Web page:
As most writers will agree, personal observations and our personal lives can greatly influence the content we generate.
Any of those moments in our lives, whether difficult or easy to navigate, are all part of change. Most people refuse to graduate from the school of embracing change. I would submit that most writers would graduate at the top of the class because they embrace it by writing through it. Writing through some changes has been helpful for me over the past year. Even when things seemed on the sidelines, I was working behind the scenes to rebuild and in some ways, re-brand. When one gets their life back on track it makes sense to look a little bit harder at ways to re-market their skills in this business.
The notebook pages, the content I have written for clients, and any of my attempts at humour have all been part of embracing change.
How embracing change can make you a more experienced writer.
When I refer to writing through those changes, I say writing through as a method of coping and even healing. Words and the word business have always been a great personal identifier for me. I rather enjoy being able to tell people that writing is a trade I’m proud to be part of. So sometimes when I have feel a bit lost I realize that it makes complete sense to write through that lost moment. One does not necessarily have to write about those particular moments of loss and confusion in order to make sense of them. Although certainly this is a good way to clear your eyes and see any emotions right on the page.
Sometimes taking a favourite subject and working out a few words about that subject gives a person something positive to reflect on once the ideas are on the page or screen. In many instances, I have turned content of this nature into profitable work. A nice extra reward for working through something.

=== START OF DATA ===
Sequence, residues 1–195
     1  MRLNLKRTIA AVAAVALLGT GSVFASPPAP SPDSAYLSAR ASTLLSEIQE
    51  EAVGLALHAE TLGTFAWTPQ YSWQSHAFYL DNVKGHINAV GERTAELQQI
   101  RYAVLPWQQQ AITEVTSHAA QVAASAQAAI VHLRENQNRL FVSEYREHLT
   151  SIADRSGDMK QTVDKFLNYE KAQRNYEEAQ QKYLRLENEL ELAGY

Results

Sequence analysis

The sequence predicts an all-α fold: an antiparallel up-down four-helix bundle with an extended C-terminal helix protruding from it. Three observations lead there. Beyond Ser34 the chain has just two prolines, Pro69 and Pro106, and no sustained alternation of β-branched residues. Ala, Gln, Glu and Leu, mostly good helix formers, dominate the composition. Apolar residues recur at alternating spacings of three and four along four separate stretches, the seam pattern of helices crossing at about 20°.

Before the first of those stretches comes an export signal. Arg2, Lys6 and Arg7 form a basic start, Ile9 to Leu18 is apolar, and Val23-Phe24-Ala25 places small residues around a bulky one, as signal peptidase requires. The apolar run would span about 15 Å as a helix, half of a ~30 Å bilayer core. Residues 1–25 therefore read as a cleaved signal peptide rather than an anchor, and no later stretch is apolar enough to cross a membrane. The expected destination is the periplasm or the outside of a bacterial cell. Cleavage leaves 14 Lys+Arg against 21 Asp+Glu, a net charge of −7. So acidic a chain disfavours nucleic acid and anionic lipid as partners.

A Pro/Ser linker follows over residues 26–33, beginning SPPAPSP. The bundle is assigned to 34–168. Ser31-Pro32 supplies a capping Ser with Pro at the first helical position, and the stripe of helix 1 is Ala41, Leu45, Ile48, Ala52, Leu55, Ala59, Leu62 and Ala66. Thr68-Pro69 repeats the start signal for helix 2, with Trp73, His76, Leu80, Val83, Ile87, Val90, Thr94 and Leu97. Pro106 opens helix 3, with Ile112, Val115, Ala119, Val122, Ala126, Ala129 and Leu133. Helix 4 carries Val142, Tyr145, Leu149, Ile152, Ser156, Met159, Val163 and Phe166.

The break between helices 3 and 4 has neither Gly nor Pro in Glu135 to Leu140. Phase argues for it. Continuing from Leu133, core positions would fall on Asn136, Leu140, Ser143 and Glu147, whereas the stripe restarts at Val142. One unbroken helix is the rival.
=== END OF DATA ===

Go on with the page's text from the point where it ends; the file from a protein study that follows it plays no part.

One of the biggest changes I have embraced for my own work has to deal with satire and humour. There is never an hour that goes by during the waking day where I am not attempting to seek something that can be turned into laughable lines. In this regard I have taken myself to back to humour school via self-study. Re-reading a few of my favourite classic satire collections and listening to an audio book written and read by the great David Brenner (may he Rest in Peace).
Brenner’s book “I Think There’s a Terrorist in My Soup” is about learning to find the laughter in everything. When I started this audio book a week ago I went for a nice long walk along a beach near Clearwater, Florida listening to Brenner deliver his message. When I arrived back, I had already learned a few new things to help me in my observations of life and how to deal with a few of the rough ones perhaps a bit better.
We are people. We are artists. We evolve. How we embrace that evolution of ourselves can translate into better quality of work. The most important thing about working through change is about the artistic satisfaction of writing something. If you can turn it into a profitable project then that is a bonus.
As everyone enters the busy holiday weeks where reflection often happens more in rare moments of solitude, I leave you with a summary of what I have written.
Embrace change. See where it takes you.